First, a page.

Photograph by John Raoux, AP
Updated 3:00 pm., September 19, 2012
Endeavour will chase the sun west over the next three days as it heads toward its own sunset at the California Science Museum (CSC) in Los Angeles.
Following a two-day weather delay, the liftoff from Kennedy Space Center marked the last time a space shuttle will fly over Florida and the final ferry flight of NASA's 30-year space shuttle program—and its unsung workhorse.
"It's a farewell not just to Endeavour, but also to the shuttle carrier aircraft as well," said Robert Pearlman, editor of the space history and artifacts website collectSPACE.com. (See "Inside the Shuttle Carrier Aircraft.")
Endeavour's farewell-tour itinerary is anything but arbitrary.
"Given that they were flying over the southern parts of the United States, where many NASA centers are located, this was an opportunity to be able to salute each of those centers that made a contribution to the shuttle program," Pearlman said.
In fact, Endeavour will pass over all the NASA spaceflight centers that have played significant roles in the shuttle program except for Marshall Space Flight Center in Alabama, which would have required an expensive northern detour.
"The California Science Center is paying for this ferry flight. It's not NASA, and it's not taxpayer money," Pearlman said, "and each of these legs cost a significant amount of money."
The first of the legs came to a close late Wednesday morning, when the shuttle landed in Houston at Ellington Field, near NASA's Johnson Space Center, where the space agency trains its astronauts for shuttle flights and space missions.
Endeavour's California Roll
At sunup on Thursday, the carrier craft will fly Endeavour to El Paso, Texas, for a quick refueling stop before flying low over the White Sands Test Facility near Las Cruces, New Mexico, and NASA's Dryden Flight Research Center in California—both of which served as backup space shuttle landing sites.
The shuttle's final final flight, on Friday, will include morning flyovers above California landmarks in the Sacramento and San Francisco Bay areas as well as Disneyland, Griffith Observatory, and other Southern California sites.
After touching down at Los Angeles International Airport (LAX) at around 11 a.m. PT, the orbiter will remain in a hangar while preparations are made for Endeavour's mid-October ground transfer to the CSC, via the streets of Inglewood and Los Angeles, where hundreds of trees have been controversially cut down for the shuttle parade.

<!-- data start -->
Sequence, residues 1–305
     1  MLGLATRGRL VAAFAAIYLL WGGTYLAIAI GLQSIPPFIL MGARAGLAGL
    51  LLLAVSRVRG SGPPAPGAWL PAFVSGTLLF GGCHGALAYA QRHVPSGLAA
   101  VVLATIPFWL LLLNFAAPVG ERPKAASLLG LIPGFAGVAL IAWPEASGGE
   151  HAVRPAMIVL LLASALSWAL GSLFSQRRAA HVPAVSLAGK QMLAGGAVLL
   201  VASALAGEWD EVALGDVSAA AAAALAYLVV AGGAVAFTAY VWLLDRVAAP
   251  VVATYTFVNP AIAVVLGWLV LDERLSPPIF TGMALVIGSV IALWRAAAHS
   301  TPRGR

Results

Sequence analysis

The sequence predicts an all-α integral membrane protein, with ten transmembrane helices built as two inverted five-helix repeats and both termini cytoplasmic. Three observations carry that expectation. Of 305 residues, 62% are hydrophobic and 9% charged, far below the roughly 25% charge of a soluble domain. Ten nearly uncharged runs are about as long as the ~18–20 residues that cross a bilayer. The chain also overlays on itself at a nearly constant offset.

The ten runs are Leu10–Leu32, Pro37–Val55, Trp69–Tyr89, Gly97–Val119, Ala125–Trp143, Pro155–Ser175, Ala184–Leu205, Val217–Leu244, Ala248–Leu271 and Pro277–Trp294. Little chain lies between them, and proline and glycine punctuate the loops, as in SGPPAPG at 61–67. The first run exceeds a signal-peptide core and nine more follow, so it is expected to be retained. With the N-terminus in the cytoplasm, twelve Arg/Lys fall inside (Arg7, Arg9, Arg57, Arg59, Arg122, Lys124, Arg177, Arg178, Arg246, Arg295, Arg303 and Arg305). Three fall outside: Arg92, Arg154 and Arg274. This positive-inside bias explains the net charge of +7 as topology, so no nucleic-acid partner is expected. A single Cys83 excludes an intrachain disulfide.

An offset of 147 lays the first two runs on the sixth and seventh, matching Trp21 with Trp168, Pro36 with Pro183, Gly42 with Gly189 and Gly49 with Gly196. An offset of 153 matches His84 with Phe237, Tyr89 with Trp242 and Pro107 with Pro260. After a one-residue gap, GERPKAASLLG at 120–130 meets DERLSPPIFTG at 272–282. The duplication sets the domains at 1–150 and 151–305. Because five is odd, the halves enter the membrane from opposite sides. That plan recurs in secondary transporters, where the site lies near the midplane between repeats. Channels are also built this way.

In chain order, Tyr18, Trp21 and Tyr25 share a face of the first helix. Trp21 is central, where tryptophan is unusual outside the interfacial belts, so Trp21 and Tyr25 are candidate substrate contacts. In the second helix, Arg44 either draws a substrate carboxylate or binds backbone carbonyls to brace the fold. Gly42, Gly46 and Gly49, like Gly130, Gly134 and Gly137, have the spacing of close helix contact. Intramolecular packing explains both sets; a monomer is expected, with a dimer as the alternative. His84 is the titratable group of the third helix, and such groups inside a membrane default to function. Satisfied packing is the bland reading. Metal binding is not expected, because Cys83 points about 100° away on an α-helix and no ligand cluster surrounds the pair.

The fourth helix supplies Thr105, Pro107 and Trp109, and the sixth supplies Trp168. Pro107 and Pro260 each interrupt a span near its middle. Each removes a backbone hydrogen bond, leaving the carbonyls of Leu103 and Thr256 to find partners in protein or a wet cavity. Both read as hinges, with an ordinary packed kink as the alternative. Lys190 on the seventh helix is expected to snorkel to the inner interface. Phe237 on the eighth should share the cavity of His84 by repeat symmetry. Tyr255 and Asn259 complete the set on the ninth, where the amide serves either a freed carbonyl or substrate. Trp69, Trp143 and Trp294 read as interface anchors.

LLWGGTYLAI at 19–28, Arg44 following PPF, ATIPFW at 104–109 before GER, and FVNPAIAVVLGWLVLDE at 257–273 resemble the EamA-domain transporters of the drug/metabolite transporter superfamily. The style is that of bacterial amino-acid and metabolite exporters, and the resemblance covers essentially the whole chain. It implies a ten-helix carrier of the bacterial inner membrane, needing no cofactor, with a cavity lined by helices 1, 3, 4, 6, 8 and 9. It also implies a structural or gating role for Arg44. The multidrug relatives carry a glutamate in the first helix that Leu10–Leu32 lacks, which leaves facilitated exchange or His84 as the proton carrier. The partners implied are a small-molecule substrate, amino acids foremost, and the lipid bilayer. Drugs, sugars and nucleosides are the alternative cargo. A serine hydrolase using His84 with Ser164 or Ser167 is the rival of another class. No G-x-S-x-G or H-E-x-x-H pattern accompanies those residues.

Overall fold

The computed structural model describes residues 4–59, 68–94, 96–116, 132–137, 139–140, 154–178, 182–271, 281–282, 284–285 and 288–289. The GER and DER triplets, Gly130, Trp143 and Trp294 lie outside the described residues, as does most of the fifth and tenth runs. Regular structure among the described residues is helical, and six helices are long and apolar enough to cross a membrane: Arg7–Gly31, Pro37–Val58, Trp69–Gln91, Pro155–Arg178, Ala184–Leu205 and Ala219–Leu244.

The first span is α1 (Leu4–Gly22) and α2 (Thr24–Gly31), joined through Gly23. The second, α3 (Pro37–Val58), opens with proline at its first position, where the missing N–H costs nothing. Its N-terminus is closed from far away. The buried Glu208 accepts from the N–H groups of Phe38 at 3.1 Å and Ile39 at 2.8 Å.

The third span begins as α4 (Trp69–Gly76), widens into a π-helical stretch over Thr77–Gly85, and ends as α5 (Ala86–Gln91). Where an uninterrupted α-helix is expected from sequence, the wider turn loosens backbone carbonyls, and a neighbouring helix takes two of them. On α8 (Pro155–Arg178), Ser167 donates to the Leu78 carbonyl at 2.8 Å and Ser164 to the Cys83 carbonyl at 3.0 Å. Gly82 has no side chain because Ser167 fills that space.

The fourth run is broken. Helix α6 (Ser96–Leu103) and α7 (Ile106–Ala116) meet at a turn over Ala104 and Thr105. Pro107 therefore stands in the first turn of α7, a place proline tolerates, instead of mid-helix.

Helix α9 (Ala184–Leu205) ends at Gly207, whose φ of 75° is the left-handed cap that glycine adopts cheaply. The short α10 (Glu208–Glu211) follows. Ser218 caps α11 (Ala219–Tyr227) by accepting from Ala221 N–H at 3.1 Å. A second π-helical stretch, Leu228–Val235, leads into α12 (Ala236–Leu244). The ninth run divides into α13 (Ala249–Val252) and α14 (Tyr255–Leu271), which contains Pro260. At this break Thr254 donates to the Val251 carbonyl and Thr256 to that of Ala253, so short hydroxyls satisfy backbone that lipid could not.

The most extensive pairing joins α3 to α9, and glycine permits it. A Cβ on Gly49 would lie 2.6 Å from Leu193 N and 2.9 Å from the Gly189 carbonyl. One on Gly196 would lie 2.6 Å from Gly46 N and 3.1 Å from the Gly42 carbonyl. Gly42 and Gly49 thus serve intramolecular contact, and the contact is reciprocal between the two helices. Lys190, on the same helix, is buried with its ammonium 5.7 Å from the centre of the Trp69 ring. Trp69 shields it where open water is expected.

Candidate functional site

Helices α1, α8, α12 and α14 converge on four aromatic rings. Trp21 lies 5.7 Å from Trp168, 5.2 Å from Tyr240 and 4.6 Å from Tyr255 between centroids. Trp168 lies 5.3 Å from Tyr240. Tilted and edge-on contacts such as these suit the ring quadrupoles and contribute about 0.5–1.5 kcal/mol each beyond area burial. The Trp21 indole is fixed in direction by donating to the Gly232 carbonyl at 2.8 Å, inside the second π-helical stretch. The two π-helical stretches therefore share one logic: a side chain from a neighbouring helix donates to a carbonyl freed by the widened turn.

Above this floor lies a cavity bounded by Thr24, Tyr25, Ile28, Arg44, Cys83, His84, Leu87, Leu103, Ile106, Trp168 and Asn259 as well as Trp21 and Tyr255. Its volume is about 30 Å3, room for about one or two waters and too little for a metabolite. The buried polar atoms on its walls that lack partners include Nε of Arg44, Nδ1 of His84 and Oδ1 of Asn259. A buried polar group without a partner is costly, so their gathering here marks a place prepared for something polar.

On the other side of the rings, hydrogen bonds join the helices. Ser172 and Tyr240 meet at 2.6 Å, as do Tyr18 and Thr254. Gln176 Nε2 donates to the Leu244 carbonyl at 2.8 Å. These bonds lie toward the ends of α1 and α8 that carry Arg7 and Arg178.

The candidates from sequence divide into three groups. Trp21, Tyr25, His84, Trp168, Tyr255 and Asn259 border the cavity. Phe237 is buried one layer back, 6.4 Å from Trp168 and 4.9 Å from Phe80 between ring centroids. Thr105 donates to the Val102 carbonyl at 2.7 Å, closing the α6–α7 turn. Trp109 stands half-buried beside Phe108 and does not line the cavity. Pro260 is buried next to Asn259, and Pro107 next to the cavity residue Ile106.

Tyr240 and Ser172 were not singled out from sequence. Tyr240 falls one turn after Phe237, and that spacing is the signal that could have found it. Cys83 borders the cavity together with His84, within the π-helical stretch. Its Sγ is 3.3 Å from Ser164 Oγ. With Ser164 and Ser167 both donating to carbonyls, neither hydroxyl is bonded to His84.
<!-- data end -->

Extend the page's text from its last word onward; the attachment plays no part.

Named after a ship commanded by 18th-century English explorer James Cook (hence the shuttle name's British spelling) Endeavour was the fifth and final NASA space shuttle to be constructed—a replacement for Challenger following that orbiter's deadly accident in 1986.
Endeavour first launched in 1992 and was known for its versatility. It has hauled satellites into orbit and was chosen for the critical Hubble servicing mission in 1993, which corrected the space telescope's faulty vision.
And being one of the lighter—and therefore more fuel efficient—space shuttles, Endeavour was often used to ferry the heaviest cargo into space. As the newest shuttle, Endeavour featured hardware not found in the other orbiters, including improved plumbing and electrical connections intended for longer missions as well as updated flight systems.
Upstanding Endeavour Getting Its Due
Upon arrival at LAX, Endeavour should look just as it did when it was on active duty—at least from the outside, Kenneth Phillips, curator of aerospace programs at the CSC, said in an email.
Inside, though, some parts have been removed, including the plumbing for the Endeavour's three main engines, which will be reused in other NASA flight programs, and parts containing toxic chemicals, such as the shuttle's internal tanks.
Most of the components from Endeavour's mid-deck—the living and research area, including galley and toilet—have also been removed but will be placed on display in a walk-through re-creation of the room in the future, Phillips said.
Several years from now, the youngest NASA orbiter will form the centerpiece of a new addition to the CSC, where Endeavour will eventually be hoisted upright.
For collectSpace.com's Pearlman, Endeavour's final flight inspires mixed emotions.
"Seeing this last ferry flight is another chapter being closed in what is the final volume of the space shuttle era," he said.
"In part, it's sad to see these vehicles being retired, because they were built to be flown for much higher flight rates than they ever achieved. But at the same time, the space historian in me is enjoying watching them go on display and attracting crowds ... It's great to watch them get the due they've always deserved."
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